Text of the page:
Second, even if those technical requirements are met, the use of a promissory note to affect the gift is likely to be considered a sham. This issue can be overcome by ensuring cash is gifted (and then loaned back) by actually transferring the cash between the relevant bank accounts. In the event the “high risk” person doesn’t have sufficient cash available, consideration should given to borrowing sufficient cash in order to make the gift. While a traditional loan may not be appropriate, enquiries could be made with the client’s financier to see if they are able to facilitate the transaction. If all bank accounts are held with the financial institution they may be able to arrange for an appropriate round robin of immediate successive electronic funds transfers. Mere journal entries without an actual transfer of cash should be avoided.
Third, there is a risk that the gift and loan back arrangement is void against public policy. In re Permewan the issue was that the arrangement was void against the public policy upon which the law regarding family provision applications. That a promissory note was used, and that the arrangement was not intended to take effect during Prue’s lifetime, appears to have contributed to that conclusion. A distinction was drawn with the situation where a deceased had not entered into such an arrangement but had divested themselves of their assets before their death by transferring them to third parties – such a situation would generally not be void against public policy.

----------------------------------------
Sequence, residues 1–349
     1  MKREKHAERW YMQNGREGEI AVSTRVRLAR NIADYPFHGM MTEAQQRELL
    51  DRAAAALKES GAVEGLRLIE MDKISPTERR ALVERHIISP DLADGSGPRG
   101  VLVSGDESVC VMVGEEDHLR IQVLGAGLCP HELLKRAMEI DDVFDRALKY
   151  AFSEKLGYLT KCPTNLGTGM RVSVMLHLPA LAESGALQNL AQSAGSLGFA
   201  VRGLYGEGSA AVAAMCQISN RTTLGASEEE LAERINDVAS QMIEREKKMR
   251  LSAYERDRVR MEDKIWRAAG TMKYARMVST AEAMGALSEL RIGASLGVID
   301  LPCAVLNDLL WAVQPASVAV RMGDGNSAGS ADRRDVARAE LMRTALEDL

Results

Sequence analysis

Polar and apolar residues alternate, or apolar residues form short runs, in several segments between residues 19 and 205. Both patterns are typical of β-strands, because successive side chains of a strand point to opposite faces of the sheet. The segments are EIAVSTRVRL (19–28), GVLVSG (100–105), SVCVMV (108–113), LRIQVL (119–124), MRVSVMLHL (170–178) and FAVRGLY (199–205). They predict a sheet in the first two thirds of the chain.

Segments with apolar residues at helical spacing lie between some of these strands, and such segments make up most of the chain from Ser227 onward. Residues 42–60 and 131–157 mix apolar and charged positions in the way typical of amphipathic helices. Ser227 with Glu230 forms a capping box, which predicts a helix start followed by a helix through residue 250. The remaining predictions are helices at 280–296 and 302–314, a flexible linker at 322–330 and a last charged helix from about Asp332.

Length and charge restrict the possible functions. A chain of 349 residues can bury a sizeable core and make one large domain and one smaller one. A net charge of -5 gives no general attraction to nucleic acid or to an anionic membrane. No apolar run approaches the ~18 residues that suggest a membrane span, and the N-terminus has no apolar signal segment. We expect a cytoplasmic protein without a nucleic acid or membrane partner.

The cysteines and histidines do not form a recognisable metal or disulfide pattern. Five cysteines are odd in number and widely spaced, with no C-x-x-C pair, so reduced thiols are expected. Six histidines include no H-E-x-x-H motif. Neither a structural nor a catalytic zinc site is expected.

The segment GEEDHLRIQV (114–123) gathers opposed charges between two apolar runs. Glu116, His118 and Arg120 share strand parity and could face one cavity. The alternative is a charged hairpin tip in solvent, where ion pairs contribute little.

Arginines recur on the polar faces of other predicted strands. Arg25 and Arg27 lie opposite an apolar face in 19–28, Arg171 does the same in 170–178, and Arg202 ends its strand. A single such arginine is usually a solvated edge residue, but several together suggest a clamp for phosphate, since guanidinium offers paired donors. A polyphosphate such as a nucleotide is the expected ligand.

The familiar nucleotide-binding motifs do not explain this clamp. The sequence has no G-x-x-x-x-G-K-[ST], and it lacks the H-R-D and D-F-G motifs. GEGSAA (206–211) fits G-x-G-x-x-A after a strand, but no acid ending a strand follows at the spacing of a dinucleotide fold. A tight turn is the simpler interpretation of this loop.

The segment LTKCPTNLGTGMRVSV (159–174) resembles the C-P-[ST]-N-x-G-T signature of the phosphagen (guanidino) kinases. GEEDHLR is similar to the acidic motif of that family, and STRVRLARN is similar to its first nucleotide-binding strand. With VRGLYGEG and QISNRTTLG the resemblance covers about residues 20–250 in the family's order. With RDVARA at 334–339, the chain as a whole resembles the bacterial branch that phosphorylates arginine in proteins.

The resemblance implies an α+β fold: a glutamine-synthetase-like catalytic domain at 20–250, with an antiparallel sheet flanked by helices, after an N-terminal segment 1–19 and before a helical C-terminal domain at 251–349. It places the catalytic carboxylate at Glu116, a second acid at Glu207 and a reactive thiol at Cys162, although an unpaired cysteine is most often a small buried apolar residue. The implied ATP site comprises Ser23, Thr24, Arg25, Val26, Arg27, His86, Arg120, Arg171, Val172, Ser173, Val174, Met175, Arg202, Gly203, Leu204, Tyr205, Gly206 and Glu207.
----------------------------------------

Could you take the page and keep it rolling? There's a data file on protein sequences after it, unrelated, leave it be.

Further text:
What is yet to be seen is whether such an arrangement could be void against public policy in a bankruptcy context – i.e. where the “high risk” person has entered into such an arrangement and becomes bankrupt. However, in the context of the voidable transactions provisions under the Bankruptcy Act 1966 (Cth) (discussed further below), it is perhaps unlikely that such an arrangement would be considered void against the public policy of the Bankruptcy Act in circumstances where the Bankruptcy Act contains specific provisions to “undo” transactions entered into that seek to defeat the policy of the Act.
There are some other issues to consider.